By Lionel Bopage –
Contradicting this story of Kumar of being kidnapped, authorities in Sri Lanka and the then High Commissioner of Sri Lanka in Australia, Thisara Samarasinghe insisted that the security forces did neither arrest, abduct nor detain Kumar or Dimuthu. According to Samarasinghe, there was no secret police in Sri Lanka, and never had such abductions taken place! However, Kumar avowed that he was abducted by the Sri Lankan military intelligence, blindfolded, handcuffed, detained and subjected to physical and sexual torture. Kumar emphasised that he survived without being assassinated and was sent out of Sri Lanka due to the rapid international intervention, particularly by Australia over this incident. Rejecting Kumar’s claims, Samarasinghe added that Kumar walked into a police station in Colombo overnight and was due for deportation the following morning. Nonetheless, this fiction-like episode brought international spotlight on the issue of disappearances that had been taking place in Sri Lanka.
The Police spokesperson in Sri Lanka then, Superintendent of Police Ajith Rohana said that Kumar Gunaratnam had been brought to the Dematagoda area by an unknown gang in a van. Later Kumar had come to the Colombo Crimes Division(CCD) after which he was taken to the Katunayaka airport under police protection to be sent to Australia. According to the Australian Broadcasting Corporation (The ABC), the Sri Lankan foreign ministry had stated that Kumar’s abduction was a fabrication and he was thrown out of the country because he overstayed his visa for more than five months. At this ABC interview, Kumar said that he was a member of the JVP (People’s Liberation Front of Sri Lanka), but he was no longer a part of it. According to other sources the ABC interviewed, he had been a well-known member of the JVP in the late 1980s when the second JVP insurrection was launched.
The police, the security forces and the government denied any role in the abductions of Kumar and Dimuthu. Inspector General of Police claimed that the police had deployed several teams to investigate this incident. Foreign Minister G L Peiris issued a statement after Kumar’s release, saying the disappearances had occurred with the deliberate intention of causing embarrassment to the government and it was grossly unfair to point the finger at the state. However, it was a well-known secret that by then clandestine death squads were operating in collusion with the security forces, who had been carrying out a growing wave of disappearances, abductions and torture over the previous year. In the previous six months alone, at least 56 political activists and journalists had vanished. The death squads developed during the war against the Liberation Tigers of Tamil Eelam (LTTE), had been used to suppress political opposition to the regime.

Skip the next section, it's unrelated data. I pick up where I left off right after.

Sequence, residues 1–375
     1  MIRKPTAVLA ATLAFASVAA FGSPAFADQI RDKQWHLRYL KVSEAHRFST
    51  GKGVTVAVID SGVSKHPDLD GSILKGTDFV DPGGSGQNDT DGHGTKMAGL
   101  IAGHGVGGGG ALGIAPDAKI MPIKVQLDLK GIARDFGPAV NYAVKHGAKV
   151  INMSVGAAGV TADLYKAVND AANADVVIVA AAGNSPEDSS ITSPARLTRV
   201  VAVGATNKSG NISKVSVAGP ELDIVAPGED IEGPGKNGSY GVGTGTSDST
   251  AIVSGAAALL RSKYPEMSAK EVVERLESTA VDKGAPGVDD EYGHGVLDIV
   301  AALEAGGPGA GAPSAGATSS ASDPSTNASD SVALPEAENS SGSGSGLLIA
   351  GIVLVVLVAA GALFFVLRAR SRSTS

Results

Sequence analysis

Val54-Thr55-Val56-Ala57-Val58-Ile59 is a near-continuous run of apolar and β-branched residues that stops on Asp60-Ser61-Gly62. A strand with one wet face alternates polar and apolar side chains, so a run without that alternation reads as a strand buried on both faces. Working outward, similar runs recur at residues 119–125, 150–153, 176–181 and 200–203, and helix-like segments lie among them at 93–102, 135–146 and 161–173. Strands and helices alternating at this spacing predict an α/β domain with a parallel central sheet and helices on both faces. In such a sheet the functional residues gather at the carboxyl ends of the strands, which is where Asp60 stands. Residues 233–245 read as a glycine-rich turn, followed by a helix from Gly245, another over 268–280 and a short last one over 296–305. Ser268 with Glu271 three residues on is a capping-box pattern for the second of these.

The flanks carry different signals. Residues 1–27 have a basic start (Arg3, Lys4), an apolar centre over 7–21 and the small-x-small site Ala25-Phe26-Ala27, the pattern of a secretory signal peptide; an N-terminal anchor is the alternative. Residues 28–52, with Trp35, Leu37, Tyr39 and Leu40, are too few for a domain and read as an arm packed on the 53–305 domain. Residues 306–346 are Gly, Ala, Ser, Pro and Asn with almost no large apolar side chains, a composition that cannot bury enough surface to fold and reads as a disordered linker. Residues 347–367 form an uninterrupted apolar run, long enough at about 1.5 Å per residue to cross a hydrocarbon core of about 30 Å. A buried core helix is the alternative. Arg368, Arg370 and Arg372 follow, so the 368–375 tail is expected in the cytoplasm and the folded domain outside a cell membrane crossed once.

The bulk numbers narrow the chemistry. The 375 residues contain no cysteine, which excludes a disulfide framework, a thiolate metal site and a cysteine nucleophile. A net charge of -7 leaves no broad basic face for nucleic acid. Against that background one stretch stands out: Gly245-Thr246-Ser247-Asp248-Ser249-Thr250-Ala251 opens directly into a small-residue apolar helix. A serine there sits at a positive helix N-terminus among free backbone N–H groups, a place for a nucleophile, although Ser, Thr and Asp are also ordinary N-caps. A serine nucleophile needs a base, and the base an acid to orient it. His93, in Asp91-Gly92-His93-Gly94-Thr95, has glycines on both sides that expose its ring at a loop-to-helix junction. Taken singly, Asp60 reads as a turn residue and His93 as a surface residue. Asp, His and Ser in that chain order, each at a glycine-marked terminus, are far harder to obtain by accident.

With the report of abduction of Kumar and Dimuthu, a broad cross section of civil society including family members, party comrades, media personnel, varsity academics and human rights activists called for Kumar’s immediate release. His wife, sister and mother made moving appeals. Kumar’s mother’s emotional appeal touched the hearts of many and personified the anguish of all Sri Lankan mothers whose children were reported “missing”. This was another occasion, where international humanitarian intervention assisted in upholding the human rights of two political activists. A senior defence official had denied that Kumar and Dimuthu were held in custody, while Wimal Weerawansa of the National Freedom Front said that the dissidents were planning to cause political chaos in the country, and do whatever possible to undermine the incumbent government to facilitate external intervention in domestic politics.
After Kumar’s abduction was reported in the Australian media, the Australian High Commissioner in Sri Lanka reportedly requested a meeting with Sri Lanka’s defence secretary. Australian High Commissioner Ms. Robyn Mudie had been at the Katunayake Airport to personally ensure Kumar’s safe departure from Sri Lanka. Kumar was not “officially” deported and was technically eligible to return to Sri Lanka if he paid the fine for overstaying his visa. The Australian foreign affairs ministry later thanked the police and other agencies in Sri Lanka for facilitating the man’s departure. The Australian government made it a point not to make any criticism of the Sri Lankan regime, nor mention the rising tide of disappearances. The Australian Foreign Minister and Department of Foreign Affairs and Trade had refused media requests to make any further comment on Kumar’s treatment. The real possibility behind this incident appears to have been that following high-profile international campaign and the Australian intervention, particularly of the Australian High Commissioner Robyn Mudie regarding Kumar’ abduction, his abductors dumped him on the roadside. Kumar had been fined for overstaying his visa, and then swiftly deported to Australia.
 I left the JVP in February 1984, though my decision to leave originated in mid-1983.
 Hughes, D. 2013. Violence, Torture and Memory in Sri Lanka: Life After Terror, 14-15, Routledge